> warm on top, some nights to the point of sweat, but with a freezing
        > rear/shoulders when I wiggle off the pad.
        >
        > I find that a pad inside the hammock is uncomfortable after trying it with
        > my new single layer hammock or my bliss hammock as a test in the yard. I'd
        > like to move toward using the single layer hammock and use the weight
        > savings to offset other goodies.
        >
        > Now the fun part. I have tons of silnylon, 1.1 and 1.2 ripstop laying
        > around. Also some Thinsulate ultra and a big bag of goose feather/down mix.
        > I was thinking that an underquilt might work better than the pad and be
        > worth the weight trade-off.
        >
        > I would like to hear from anyone using underquilts at 40-50 degrees as to
        > what your quilt is made of, how it is attached and if possible, a pattern
        > that works for over and under use.
        >
        > Thank You,
        >
        > Brian H
        > Folsom, CA
        >
        >
        >
        >
        >
        >
        >
        >


        [Non-text portions of this message have been removed]
      • rob m
        Once you try an underquilt you ll never go back to your old life! A good multipurpose pattern is Hammock Engineer s Red River Gorge quilt found at
        Message 3 of 4 , May 10, 2008
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          Once you try an underquilt you'll never go back to your old life! A
          good multipurpose pattern is Hammock Engineer's Red River Gorge quilt
          found at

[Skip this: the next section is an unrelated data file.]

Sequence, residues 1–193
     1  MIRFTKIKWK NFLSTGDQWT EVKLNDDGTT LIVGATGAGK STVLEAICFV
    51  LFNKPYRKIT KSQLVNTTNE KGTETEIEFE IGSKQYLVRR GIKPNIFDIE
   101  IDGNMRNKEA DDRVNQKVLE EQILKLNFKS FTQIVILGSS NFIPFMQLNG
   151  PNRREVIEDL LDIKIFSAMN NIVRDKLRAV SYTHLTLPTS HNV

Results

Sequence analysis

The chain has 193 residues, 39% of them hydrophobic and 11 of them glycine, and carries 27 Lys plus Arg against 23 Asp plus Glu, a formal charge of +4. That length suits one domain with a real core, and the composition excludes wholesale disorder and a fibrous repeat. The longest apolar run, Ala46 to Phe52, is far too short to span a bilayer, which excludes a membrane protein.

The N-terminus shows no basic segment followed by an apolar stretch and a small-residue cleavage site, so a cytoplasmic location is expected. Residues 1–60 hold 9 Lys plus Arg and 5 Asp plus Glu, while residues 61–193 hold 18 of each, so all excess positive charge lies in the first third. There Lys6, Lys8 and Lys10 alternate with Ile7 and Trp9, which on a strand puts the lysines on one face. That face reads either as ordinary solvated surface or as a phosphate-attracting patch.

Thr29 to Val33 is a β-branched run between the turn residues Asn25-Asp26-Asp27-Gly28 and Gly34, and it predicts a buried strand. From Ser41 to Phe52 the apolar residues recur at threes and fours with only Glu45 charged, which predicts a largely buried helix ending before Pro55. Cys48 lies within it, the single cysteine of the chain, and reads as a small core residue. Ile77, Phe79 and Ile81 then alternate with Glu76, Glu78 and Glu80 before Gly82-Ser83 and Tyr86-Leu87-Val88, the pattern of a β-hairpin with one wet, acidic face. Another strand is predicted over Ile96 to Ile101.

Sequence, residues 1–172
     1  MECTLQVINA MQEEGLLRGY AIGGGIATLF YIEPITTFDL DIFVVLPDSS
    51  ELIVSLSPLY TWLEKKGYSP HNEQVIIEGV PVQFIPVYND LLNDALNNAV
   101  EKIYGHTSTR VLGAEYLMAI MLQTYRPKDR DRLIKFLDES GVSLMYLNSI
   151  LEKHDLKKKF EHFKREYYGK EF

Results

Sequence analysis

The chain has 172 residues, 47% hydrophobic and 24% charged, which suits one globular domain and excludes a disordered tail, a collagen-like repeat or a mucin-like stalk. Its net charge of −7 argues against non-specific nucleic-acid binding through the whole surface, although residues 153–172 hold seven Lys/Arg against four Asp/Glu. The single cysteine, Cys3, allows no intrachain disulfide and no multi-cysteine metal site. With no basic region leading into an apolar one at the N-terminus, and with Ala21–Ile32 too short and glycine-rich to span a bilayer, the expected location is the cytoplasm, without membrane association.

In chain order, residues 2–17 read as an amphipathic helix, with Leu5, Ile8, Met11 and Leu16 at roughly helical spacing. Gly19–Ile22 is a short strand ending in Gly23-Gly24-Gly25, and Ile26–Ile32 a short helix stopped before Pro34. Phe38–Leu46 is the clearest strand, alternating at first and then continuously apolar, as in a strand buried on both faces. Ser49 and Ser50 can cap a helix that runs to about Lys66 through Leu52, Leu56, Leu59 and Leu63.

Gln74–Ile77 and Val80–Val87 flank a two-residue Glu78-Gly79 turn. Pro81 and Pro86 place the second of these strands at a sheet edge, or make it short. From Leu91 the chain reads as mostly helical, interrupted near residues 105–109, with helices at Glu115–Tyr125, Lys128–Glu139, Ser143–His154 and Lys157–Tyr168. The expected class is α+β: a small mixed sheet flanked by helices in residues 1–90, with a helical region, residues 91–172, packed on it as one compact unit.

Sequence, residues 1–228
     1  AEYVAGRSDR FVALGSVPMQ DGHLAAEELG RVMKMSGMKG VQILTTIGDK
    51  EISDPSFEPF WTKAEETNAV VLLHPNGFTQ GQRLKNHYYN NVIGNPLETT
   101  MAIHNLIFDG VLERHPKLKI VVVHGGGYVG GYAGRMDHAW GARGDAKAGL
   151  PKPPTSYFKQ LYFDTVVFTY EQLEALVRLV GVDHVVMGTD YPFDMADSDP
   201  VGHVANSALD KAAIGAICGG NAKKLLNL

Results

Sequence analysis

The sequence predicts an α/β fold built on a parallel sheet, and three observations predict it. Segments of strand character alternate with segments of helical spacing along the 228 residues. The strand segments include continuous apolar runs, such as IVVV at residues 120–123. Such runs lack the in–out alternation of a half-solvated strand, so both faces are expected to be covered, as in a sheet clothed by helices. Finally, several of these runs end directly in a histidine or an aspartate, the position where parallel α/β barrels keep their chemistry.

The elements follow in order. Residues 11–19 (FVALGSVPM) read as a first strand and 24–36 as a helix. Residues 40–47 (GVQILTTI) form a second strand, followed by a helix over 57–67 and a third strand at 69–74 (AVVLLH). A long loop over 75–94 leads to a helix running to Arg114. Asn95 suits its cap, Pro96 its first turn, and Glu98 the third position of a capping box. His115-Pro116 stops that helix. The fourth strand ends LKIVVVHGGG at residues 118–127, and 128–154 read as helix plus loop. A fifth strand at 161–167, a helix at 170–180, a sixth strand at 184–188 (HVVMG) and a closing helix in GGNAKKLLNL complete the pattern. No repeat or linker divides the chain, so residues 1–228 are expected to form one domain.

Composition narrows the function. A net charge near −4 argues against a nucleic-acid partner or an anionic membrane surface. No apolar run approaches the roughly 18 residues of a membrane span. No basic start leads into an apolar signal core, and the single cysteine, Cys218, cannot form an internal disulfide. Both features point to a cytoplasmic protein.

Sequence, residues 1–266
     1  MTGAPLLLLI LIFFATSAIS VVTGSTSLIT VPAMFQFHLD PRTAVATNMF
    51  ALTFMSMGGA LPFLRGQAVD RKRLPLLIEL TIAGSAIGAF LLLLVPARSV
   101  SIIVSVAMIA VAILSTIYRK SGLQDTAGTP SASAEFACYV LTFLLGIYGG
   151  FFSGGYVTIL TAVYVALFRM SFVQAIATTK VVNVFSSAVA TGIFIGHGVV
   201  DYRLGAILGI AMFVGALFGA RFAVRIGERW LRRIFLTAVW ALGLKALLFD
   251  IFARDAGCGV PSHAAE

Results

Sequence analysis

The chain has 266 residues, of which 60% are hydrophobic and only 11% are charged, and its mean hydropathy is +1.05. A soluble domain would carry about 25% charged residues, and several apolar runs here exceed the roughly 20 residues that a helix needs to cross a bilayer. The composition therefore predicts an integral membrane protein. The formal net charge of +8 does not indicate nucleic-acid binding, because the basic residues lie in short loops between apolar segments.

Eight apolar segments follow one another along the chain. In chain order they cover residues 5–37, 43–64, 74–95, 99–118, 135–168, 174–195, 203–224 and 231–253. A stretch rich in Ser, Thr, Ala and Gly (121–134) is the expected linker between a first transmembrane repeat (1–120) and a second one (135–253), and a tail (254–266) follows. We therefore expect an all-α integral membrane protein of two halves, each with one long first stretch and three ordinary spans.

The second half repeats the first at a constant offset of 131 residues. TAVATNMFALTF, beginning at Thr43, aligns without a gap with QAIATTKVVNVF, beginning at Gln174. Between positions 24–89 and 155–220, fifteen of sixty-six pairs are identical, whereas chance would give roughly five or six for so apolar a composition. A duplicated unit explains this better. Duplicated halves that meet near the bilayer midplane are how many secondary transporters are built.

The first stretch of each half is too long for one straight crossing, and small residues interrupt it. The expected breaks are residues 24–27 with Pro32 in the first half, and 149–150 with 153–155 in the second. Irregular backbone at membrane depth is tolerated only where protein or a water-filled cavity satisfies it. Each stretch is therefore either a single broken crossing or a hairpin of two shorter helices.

http://www.tothewoods.net/RedRiverGorgeQuilt/RedRiverGorgeQuilt.html

          I bought a kit from thru-hiker.com, but used HE's instructions.
          thru-hiker also has instructions, but I liked HE's better.

          I use a combo of shock cords, mini biners, and parachute cord to attach
          it to the bottom. My system is described in hammockforums.net - search
          for entries by tight-wad. It sounds complicated, but its not. 1 mini
          biner connects the shock cords on each corner on one end. A paracord
          also connects to the mini biner. The paracord passes through a loop at
          the end of the hammock, follows the ridge line to the middle, and while
          lying in your hammock, you tie it off wherever. While lying in the
          hammock reach out and feel around. Too tight, loosen it. Too loose,
          tighten it. After a time or two you get the hang of it.

          On my latest outing it was good down to freezing (and could have gone
          further). You can "regulate" the warmth by venting one or both ends to
          make it comfortable for you in whatever temperature.


          >
          >
          > I would like to hear from anyone using underquilts at 40-50 degrees as to
          > what your quilt is made of, how it is attached and if possible, a pattern
          > that works for over and under use.
          >